The leaves of the regenerated H. pogonocalyx (3 kg) were macerated with 95% EtOH at room temperature for 5 days, then filtered to give the residue and filtrate. The residue was treated in a similar manner as above three times. The combined filtrates were concentrated under reduced pressure to give the EtOH extract (186 g), which was divided into fractions soluble in n-hexane, ethyl acetate (EtOAc) and H2O by liquid-liquid partitioning. The EtOAc extract (30 g) was re-suspended in H2O, subjected to chromatography on a Diaion HP-20 column, eluted with MeOH − H2O (0%, 20%, 40%, 60%, and 100%) and analyzed by thin layer chromatography to obtain seven respective fractions (E-1–7). Fractions E-3 and E-4 were passed through a Sephadex LH-20 column (95% EtOH) to obtain 13 (E-3-1–13) and 11 (E-4-1–11) subfractions, respectively. Re-crystallization of fraction E-3-11 (20 mg) with MeOH yielded compound (1) (12 mg). Fraction E-4-3 (130 mg) was separated by semi-preparative HPLC (Biosil 5 ODS-W column, 10 × 250 mm; solvent system: 50% MeOH; flow rate: 3.0 ml/min; detector: 254 nm) to give compounds (2) (15 mg) and (3) (16 mg). Fraction E-4-5 (45 mg) was separated by semi-preparative HPLC (solvent system: 20–100% MeOH in 60 min) to obtain compounds (4) and (5) (6 mg). Fraction E-4-6 (40 mg) was separated by semi-preparative HPLC (solvent system: 25% acetonitrile and 35% MeOH, respectively) to give compound (6) (4 mg). Compounds (7) (29 mg) and (8) (5 mg) were obtained from fraction E-4-7 (120 mg) by semi-preparative HPLC (solvent system: 25% acetonitrile and 40% MeOH). Compound (9) (5 mg) was obtained from fraction E-4-9 (43 mg) by semi-preparative HPLC (solvent system: 30% MeOH). Fraction E-6 (100 mg) was subjected to an ODS column and eluted with 20–100% MeOH to obtain compound (10) (7 mg).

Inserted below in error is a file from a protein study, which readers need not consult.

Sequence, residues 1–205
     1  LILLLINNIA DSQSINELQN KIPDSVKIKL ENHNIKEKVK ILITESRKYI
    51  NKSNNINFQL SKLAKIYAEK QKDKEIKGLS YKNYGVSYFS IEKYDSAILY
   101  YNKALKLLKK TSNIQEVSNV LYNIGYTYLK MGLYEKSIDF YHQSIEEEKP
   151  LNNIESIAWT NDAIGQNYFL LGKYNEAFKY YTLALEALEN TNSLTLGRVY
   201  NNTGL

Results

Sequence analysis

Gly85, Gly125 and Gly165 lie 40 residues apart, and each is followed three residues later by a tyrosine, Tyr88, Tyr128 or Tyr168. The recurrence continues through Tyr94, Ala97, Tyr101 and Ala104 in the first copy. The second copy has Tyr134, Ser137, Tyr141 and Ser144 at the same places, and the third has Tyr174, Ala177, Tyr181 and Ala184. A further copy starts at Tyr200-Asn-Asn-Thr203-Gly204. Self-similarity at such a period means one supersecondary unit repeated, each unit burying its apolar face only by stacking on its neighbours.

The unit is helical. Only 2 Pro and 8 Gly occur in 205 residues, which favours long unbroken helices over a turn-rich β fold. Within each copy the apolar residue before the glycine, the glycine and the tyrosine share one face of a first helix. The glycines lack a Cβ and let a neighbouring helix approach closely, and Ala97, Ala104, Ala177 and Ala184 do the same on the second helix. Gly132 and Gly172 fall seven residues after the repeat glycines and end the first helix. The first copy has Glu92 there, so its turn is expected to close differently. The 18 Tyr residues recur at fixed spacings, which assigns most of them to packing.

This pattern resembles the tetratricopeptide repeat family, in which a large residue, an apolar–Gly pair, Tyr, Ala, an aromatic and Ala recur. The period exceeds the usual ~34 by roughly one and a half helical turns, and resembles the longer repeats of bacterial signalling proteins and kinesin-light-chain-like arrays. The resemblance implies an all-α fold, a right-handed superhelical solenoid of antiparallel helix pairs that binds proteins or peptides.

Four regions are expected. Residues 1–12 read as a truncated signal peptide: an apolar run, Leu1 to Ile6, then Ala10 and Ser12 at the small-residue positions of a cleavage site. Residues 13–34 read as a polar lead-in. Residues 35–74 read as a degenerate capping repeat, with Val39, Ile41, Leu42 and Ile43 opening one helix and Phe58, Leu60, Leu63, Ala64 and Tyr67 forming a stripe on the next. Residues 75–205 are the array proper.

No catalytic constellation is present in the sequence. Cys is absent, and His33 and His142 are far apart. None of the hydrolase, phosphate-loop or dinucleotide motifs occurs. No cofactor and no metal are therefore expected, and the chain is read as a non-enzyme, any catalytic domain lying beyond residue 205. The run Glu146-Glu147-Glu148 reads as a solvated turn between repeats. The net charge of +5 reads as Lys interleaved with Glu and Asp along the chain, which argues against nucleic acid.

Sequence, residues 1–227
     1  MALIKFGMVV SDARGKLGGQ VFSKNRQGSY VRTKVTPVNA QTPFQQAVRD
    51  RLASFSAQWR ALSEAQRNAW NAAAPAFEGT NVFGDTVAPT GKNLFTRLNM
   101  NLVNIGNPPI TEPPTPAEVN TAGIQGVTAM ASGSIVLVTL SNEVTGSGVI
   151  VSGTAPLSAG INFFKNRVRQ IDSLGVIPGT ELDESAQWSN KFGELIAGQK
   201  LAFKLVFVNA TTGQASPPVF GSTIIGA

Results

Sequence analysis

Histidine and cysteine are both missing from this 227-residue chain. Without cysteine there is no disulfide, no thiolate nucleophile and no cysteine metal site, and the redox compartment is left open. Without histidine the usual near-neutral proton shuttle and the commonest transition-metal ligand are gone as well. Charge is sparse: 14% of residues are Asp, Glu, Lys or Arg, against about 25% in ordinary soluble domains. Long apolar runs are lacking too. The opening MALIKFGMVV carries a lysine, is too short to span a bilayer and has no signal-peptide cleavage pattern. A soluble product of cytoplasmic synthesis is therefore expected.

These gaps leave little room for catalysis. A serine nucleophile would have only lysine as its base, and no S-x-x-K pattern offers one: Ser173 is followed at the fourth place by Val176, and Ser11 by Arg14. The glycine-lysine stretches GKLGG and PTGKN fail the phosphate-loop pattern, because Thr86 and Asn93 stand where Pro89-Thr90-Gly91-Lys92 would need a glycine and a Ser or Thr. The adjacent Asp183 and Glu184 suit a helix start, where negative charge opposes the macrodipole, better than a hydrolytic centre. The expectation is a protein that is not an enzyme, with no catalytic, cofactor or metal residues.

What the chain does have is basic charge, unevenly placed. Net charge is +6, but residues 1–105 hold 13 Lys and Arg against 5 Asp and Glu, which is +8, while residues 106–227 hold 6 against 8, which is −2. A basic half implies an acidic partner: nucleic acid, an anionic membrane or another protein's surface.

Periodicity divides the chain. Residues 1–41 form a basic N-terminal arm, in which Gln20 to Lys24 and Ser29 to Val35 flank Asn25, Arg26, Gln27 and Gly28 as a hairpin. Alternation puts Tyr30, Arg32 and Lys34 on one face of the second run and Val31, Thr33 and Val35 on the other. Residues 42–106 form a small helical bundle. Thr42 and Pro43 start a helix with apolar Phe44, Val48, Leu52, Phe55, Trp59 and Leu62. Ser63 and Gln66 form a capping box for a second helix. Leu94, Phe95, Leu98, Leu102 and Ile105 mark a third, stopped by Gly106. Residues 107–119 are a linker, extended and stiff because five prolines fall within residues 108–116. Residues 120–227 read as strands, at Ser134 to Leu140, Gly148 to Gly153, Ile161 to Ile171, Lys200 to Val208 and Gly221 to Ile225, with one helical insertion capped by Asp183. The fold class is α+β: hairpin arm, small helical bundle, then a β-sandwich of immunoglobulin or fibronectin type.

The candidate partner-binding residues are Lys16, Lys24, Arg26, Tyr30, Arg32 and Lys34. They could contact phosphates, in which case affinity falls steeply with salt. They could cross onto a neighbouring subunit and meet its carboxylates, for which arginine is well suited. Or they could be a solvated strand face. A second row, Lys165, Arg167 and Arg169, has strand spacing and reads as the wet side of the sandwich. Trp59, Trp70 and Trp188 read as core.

The n-butanol extract (35 g) was eluted on a Sephadex LH-20 column with 100% MeOH to obtain nine fractions (B-1–9). After monitoring by HPLC evaluation, B-6 was subjected to MCI gel CHP 20P column chromatography. Fraction B-6 was eluted with a stepwise gradient of aqueous methanol (H2O to 100% MeOH), yielding 14 fractions (B-6-1–14). A precipitate was evident in the B-6-5 fraction (85 mg). Re-crystallizing the precipitate with MeOH and H2O yielded pure compound (11) (21 mg). Compound (12) (10 mg) was obtained from B-6-14 (120 mg). A precipitate from B-9 (105 mg) was re-crystallized with MeOH and H2O to yield pure compound (13) (11 mg). The spectral data and physical constants for isolated compounds were included in Supporting information (Additional file 1).
1, 1-Diphenyl-2-picrylhydrazyl (DPPH) radical scavenging activity
DPPH radical scavenging effect was measured according to the method of Hou et al. (Hou et al. 2003). Each tested sample was mixed with 160 μM DPPH in an MeOH solution. After a 20-min incubation at room temperature in the dark, the absorbance was read at 517 nm. The inhibitory percentage of DPPH was calculated according to the following equation:
A0 was the absorbance of the control (blank, without extract), and A1 was the absorbance in the presence of the tested samples.